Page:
Behavioral and Social Sciences Courses

Courses in behavioral and social sciences (designated BEHS) may be applied as appropriate (according to individual program requirements) toward

  • the general education requirement in the behavioral and social sciences
  • a major in social science
  • a minor in diversity awareness or women’s studies
  • an AA in General Studies with women’s studies curriculum
  • a certificate in women’s studies
  • electives

Introduction to Social Sciences (3 Credits, BEHS 210)

Recommended: WRTG 101 or WRTG 101S. An interdisciplinary introduction to the study of society that addresses the issue of what it is to be a social scientist from a variety of social science perspectives. The objective is to use the empirical and theoretical contributions of the different social science disciplines to better understand the nature of society. Topics include research methods in the social science disciplines and the relationships among the different social science disciplines. Discussion surveys the various social sciences, including psychology, sociology, anthropology, and gerontology. A historical overview of the development of the social sciences is provided, and an analysis of social phenomena that integrates insights from the social sciences is presented. Students may receive credit for only one of the following courses: BEHS 201 or BEHS 210.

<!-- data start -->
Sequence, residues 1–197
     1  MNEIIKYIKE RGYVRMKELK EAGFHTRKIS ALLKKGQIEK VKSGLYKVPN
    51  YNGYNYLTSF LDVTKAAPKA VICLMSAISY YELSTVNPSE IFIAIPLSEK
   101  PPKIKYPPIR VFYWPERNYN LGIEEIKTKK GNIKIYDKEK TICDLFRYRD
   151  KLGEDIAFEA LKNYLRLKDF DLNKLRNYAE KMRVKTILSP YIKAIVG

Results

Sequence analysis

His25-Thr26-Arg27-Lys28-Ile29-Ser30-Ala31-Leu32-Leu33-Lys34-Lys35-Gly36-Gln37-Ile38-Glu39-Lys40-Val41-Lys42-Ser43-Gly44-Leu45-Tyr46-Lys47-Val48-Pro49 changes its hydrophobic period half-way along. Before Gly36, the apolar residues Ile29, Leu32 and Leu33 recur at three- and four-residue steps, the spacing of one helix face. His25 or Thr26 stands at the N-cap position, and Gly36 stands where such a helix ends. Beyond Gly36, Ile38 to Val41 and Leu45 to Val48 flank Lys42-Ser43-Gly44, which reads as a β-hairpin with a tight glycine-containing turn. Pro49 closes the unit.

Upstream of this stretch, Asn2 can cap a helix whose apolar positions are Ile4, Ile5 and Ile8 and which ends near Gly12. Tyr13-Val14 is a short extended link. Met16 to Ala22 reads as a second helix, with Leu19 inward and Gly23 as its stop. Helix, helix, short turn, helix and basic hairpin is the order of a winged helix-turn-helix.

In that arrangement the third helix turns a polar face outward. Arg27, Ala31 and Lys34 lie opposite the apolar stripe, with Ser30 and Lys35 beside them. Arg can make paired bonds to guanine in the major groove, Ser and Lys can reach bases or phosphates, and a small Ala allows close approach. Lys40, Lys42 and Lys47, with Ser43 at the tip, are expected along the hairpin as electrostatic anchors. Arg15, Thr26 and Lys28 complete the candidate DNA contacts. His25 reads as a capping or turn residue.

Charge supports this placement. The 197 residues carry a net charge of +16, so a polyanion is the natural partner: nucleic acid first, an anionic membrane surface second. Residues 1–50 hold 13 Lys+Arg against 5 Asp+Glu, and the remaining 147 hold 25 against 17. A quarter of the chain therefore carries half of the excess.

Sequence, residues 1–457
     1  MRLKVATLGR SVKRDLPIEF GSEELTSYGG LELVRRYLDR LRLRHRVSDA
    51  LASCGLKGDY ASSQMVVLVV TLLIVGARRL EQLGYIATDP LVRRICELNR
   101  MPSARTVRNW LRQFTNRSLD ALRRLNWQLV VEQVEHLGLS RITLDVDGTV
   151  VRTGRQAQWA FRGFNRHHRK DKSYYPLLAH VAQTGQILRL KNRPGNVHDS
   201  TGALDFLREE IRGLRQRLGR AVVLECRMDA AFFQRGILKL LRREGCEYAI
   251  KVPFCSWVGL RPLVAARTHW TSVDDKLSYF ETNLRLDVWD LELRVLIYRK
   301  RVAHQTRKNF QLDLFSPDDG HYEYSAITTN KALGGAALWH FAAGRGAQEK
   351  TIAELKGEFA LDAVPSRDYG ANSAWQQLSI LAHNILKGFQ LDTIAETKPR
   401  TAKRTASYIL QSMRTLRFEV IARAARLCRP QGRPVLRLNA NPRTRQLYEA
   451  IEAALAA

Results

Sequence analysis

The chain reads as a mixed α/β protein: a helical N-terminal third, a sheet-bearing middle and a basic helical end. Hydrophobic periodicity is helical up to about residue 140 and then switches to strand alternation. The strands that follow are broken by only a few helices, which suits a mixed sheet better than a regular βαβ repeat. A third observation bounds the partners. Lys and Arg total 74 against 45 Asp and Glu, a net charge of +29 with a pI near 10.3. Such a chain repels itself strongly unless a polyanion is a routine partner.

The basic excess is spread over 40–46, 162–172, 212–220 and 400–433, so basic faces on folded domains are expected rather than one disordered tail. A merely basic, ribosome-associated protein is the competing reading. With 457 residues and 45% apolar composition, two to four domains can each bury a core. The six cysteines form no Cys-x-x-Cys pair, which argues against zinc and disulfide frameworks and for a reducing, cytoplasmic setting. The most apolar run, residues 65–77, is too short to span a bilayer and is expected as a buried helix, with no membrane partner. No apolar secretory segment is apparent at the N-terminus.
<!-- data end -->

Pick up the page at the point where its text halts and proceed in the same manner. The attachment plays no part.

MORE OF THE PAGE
Diversity Awareness (3 Credits, BEHS 220)

An examination of the many dimensions of diversity within the framework of modern culture and principles of social justice. The aim is to interact and communicate effectively and appropriately within a diverse society. Emphasis is on raising consciousness of diversity and using critical thinking with respect to stereotypes, prejudice, and discrimination. Discussion covers issues related to age, disability, race, religion, gender, sexual orientation, national origin, and socioeconomic status, as well as current issues in diversity studies.

Parenting Today (3 Credits, BEHS 343)

An overview of critical issues of parenthood in the United States today using an interdisciplinary perspective. The objective is to apply research and theory in family development to practical decision making. Topics include characteristics of effective parenting styles, disciplinary strategies, the role of diverse family structures, and the social forces that cause changes in parent/child relationships.